Oklahoma residents can make summer travel plans while keeping an eye on gasoline efficiency.
Record oil prices are going to make the summer’s vacation season costly, as the American Automobile Association estimates a passenger vehicle costs 54.1 cents per mile to drive in 2008, up 1.9 cents from last year.
But what if drivers set their sights closer? The Wichita Mountains Wildlife Refuge is roughly 100 miles from Oklahoma City, just west of Lawton. That’s around $54 in driving costs. Hikers can scale Mount Scott for a view of the entire grounds.
The Alabaster Caverns also offer a unique excursion from the plains. Located in northwest Oklahoma, approximately 180 miles away, the caverns enjoy the distinction of being the largest natural gypsum cave in the world open to the public.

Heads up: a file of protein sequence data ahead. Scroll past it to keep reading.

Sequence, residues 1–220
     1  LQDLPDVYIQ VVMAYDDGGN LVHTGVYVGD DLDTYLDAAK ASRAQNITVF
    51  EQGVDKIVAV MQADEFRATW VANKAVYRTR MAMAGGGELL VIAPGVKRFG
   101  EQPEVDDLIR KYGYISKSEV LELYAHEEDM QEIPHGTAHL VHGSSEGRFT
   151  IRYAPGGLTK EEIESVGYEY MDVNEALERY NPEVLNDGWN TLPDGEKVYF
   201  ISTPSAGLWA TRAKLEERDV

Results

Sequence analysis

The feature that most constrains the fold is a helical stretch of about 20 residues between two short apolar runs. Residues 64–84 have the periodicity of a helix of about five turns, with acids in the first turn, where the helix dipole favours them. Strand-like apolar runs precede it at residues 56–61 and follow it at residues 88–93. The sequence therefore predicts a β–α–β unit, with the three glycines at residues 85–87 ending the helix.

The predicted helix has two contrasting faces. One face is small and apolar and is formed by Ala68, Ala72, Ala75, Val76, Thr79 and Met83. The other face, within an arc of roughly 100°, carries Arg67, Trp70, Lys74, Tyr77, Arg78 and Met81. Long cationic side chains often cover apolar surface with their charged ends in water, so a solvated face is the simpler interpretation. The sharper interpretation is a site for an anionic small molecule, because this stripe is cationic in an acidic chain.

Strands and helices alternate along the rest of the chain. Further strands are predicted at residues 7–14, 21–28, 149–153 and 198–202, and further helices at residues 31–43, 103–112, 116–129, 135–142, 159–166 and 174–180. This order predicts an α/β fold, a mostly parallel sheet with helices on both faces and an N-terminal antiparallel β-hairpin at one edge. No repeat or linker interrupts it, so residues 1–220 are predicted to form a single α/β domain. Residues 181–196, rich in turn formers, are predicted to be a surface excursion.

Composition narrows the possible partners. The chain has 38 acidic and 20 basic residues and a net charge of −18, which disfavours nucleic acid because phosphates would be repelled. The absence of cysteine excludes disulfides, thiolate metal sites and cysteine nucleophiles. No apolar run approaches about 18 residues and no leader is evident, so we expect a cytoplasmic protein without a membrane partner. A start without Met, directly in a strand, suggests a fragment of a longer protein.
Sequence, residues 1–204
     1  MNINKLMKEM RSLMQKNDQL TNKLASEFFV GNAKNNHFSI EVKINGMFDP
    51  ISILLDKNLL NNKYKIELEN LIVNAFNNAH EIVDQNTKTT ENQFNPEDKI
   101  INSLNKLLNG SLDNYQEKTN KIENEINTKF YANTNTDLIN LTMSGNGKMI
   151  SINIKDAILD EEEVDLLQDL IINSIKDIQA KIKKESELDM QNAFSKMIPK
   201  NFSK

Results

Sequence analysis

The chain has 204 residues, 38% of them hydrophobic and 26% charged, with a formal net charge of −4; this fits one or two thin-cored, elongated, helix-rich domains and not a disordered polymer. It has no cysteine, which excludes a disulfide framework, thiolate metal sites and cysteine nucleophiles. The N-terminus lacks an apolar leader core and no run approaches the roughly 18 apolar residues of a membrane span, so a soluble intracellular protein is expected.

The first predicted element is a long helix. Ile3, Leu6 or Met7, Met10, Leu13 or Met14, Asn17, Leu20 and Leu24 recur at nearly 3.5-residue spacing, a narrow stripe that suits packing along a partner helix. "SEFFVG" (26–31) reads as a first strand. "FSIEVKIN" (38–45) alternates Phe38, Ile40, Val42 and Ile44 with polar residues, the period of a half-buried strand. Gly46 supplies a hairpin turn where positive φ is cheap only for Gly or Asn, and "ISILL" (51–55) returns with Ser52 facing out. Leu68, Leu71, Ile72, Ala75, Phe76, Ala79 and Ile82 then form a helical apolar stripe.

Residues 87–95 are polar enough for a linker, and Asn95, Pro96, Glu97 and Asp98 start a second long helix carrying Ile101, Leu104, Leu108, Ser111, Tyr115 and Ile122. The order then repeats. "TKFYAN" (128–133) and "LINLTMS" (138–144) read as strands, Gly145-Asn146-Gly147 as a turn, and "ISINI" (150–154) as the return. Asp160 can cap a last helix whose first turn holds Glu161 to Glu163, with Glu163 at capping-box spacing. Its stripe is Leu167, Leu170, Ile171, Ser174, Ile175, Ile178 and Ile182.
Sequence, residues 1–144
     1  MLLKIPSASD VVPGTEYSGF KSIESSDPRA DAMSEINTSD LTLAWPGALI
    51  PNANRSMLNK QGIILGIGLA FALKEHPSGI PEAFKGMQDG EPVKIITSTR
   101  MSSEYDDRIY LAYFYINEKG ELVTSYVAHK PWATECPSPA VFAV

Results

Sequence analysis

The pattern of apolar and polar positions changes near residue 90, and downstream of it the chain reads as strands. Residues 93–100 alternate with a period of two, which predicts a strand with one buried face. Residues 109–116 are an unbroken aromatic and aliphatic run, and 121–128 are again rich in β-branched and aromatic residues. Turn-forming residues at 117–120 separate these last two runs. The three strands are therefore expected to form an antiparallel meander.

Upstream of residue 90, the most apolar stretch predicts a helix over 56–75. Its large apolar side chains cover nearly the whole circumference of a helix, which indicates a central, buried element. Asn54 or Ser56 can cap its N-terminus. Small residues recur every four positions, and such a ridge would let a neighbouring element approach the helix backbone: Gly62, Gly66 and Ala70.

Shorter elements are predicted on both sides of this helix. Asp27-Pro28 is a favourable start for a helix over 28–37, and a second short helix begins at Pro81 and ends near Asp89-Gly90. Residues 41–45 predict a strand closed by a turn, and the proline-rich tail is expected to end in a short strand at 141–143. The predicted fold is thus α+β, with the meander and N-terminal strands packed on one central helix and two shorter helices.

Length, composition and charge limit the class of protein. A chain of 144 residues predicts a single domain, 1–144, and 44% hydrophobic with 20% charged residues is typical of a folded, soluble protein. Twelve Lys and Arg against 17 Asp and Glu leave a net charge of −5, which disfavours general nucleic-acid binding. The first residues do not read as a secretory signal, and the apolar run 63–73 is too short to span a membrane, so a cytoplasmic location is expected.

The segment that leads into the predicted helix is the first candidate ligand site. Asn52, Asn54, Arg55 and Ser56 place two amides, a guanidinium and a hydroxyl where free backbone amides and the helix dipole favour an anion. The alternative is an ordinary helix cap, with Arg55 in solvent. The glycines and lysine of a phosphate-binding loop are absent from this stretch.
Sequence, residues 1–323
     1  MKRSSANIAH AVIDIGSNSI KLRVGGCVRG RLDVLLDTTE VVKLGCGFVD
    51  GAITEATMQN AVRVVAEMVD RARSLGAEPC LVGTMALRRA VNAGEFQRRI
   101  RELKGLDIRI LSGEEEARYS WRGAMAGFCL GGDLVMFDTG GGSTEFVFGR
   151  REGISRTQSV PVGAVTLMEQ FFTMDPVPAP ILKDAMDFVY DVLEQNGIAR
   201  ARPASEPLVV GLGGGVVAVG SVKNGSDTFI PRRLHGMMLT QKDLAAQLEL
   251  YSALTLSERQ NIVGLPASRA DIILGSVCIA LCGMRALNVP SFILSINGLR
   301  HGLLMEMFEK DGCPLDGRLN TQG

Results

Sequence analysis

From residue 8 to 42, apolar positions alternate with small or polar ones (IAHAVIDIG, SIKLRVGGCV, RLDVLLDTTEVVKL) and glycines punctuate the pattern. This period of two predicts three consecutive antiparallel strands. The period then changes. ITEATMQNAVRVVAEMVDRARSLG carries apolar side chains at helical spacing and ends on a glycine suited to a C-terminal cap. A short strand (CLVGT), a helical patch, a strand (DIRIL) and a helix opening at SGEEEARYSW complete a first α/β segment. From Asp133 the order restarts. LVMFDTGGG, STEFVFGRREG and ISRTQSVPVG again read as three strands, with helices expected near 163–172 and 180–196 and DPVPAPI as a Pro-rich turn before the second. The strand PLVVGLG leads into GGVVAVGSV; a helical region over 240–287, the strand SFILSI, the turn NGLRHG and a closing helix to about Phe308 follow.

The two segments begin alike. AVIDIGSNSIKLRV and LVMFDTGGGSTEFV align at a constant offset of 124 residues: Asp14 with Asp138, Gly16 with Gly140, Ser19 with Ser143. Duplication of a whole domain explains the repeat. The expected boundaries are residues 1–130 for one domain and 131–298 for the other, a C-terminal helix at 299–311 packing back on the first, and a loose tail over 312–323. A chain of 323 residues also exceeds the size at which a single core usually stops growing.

The caverns sprawl more than 6,100 feet, with 30 percent of that open for walking tours. Keenan said that the vast majority of the caverns have been explored, but there are places too tight in which to squeeze.
Tour hours are extended in the summer to every top of the hour, from 9 a.m. to 5 p.m. The walk is only three-fourths of a mile, but interested tourists need to make sure they are up for it.
About 85 miles away, near Davis, Turner Falls is Mother Nature’s stab at the beloved summer destination of water parks. Chlorine may be absent, but the scenic beauty, tumbling waterfall and hiking trails make this park a pleasant departure from its packed artificial counterparts. “Charles Martin